You are an employee of a public transportation company. The company operates as a not-for-profit and is in-part publicly funded through tax-payer money. The company has always treated you well and, despite some minor disagreements, you have always gotten along well with upper management. However, though you have always been treated well, the executives of the company have become recently concerned about some of your colleagues. They worry that some employees are not loyal to the company, and there has been some tension between employees and senior executives in the past few months.
Once a year, as part of a major fund-raising drive for a local charity to help the homeless, the transportation company encourages its employees to donate their personal time and money to this charity. This is one of the things you value about working for the transportation company; this chance to give back to the community. This year, however, you discover that a significant amount of the transportation companyâ€™s resources are being used to support the charity. That is, the company is not just asking employees to donate their time and money, it is also donating money it is granted through public-funding for its day-to-day operations. The company is printing posters and sending out flyers for the charity and claiming them as company expenses. The company is also using employees who are being paid on company time to promote the fund-raiser. You worry that this is not an ethical use of the public funds that make up part of the companyâ€™s operating budget.
You have approached your manager about this, but she dismissed your concerns as trivial. She claimed there was no ethical problem as long as the resources were going to charity. But you worry that this use of company resources to promote the charityâ€™s fund-raiser is a betrayal of public trust. You think perhaps you should blow the whistle. It would be simple enough to do anonymously by contacting your local paper. But there is already a lot of tension at work and you worry that, by blowing the whistle, you might lose your job (if you are found out) and that other employees might also be disciplined (if you are not). And, you know that the charity depends on this fund-raiser to provide them the resources they need to support the homeless through the cold winter months. If there were a scandal, the fund-raiser might not be successful.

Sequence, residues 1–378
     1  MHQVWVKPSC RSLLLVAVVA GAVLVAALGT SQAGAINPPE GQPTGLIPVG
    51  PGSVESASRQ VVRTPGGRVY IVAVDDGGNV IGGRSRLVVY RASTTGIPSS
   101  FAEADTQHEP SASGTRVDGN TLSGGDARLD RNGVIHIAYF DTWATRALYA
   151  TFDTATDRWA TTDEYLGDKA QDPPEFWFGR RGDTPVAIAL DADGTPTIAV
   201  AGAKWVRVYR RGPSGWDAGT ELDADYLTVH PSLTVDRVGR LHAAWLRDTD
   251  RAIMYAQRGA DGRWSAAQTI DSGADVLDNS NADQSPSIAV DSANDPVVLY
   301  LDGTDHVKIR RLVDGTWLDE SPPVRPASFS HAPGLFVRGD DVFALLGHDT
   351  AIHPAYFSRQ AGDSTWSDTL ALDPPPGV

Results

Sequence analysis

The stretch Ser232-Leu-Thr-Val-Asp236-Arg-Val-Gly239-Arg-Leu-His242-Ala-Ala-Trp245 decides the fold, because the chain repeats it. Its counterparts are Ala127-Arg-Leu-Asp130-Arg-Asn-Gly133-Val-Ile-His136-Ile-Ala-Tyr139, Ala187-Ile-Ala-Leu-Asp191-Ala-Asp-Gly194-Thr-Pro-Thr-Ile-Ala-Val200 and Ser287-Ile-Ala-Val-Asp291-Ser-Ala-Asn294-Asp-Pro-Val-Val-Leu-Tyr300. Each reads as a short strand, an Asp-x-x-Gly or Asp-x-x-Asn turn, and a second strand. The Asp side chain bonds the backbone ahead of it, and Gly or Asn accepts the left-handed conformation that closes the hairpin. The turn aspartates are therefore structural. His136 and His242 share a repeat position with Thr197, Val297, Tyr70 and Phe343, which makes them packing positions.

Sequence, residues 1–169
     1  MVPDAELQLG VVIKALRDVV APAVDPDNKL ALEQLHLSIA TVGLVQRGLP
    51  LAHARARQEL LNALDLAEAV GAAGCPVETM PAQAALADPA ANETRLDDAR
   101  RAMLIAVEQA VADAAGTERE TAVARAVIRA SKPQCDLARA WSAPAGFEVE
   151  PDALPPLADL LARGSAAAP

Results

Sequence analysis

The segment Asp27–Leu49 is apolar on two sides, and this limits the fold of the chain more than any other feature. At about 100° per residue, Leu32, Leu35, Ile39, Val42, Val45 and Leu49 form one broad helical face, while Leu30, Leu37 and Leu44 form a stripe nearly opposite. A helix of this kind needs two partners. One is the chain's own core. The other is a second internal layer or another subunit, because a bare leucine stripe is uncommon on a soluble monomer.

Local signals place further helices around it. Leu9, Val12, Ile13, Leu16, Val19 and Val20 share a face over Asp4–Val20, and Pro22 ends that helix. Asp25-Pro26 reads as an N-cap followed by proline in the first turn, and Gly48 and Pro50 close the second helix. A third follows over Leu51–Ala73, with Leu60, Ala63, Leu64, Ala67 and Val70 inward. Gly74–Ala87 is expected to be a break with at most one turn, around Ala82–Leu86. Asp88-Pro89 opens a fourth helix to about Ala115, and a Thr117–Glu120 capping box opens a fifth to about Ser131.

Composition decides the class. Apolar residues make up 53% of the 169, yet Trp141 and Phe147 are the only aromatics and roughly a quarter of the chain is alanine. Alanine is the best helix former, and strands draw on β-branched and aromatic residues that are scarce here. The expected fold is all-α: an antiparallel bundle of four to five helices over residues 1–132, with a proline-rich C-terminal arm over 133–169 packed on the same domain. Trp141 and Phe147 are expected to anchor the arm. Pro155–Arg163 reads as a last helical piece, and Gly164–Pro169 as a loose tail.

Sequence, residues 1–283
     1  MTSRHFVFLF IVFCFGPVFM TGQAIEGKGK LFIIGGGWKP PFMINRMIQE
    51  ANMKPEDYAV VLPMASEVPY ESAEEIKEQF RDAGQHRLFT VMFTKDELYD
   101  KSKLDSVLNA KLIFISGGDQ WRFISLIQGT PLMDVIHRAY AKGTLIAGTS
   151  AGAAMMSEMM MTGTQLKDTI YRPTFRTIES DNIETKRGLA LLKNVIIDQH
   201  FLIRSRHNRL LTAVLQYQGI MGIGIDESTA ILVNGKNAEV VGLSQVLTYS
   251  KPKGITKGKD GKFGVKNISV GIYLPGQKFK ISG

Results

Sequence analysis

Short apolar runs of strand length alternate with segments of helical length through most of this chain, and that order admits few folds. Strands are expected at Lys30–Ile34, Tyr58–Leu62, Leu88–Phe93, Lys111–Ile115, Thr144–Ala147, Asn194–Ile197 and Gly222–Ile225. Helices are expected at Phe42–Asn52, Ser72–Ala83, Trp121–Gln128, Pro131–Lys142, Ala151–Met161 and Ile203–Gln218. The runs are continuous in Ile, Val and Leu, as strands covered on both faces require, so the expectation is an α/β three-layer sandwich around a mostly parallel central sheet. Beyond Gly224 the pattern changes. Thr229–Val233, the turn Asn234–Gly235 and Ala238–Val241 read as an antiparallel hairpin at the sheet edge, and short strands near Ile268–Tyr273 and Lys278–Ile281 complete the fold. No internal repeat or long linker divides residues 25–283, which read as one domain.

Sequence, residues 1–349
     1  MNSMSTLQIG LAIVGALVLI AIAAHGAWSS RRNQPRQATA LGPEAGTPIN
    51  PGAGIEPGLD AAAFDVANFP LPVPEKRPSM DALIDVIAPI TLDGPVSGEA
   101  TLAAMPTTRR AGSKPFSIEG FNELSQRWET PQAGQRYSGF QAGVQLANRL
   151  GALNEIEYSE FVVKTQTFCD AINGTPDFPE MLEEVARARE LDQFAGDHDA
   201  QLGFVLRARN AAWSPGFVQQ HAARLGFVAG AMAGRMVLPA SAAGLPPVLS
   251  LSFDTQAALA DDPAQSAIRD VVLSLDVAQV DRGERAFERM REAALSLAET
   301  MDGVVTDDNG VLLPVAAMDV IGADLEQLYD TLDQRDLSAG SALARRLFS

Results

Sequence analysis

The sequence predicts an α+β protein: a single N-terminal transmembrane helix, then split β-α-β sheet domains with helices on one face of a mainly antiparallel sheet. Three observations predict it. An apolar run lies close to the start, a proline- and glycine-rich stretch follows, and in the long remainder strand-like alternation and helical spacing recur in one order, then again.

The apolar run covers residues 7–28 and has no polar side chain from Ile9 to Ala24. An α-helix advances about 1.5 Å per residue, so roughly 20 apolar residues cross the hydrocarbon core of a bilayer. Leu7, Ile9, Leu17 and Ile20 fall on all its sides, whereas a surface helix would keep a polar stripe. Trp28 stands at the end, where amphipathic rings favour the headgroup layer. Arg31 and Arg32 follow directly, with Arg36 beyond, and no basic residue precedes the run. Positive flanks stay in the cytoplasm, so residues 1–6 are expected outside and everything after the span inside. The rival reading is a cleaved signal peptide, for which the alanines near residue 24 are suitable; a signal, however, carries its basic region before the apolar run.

1) Introduction: Introduce the case study you will write on in general detail. Outline how your write-up will proceed. Tell the reader up front what course of action you will propose.
â€¢ 2) Morally Relevant Facts: have you identified all (and only) the morally relevant facts and explained why they are morally relevant.
â€¢ 3) Moral dilemma: Explain what factors about the case make it a moral dilemma. A dilemma has at least two sides (or competing interests). Explain what those competing sides or interests are, where there is room for disagreement, and why there is room for disagreement (state the morally relevant facts that support each side of the dilemma
â€¢ 4) Possible Courses of Action: Referencing the dilemma laid out in section two, identify at least two different possible courses of action. In identifying these courses of action, you should cite the moral theories that would support each course,.
â€¢ 5) Ethical Defense: Propose a course of action that you believe to be the most ethical. You should cite the moral theory/theories that support your course of action
Can only make reference to : Utilitarianism ( Bentham and Mill ), Kantian, Sissela Bok ( whistle blowing and Professinal Responsibility), Ronald Duska (whistleblowing and employee loyalty), Michael Phillips ( Manipulative advertising)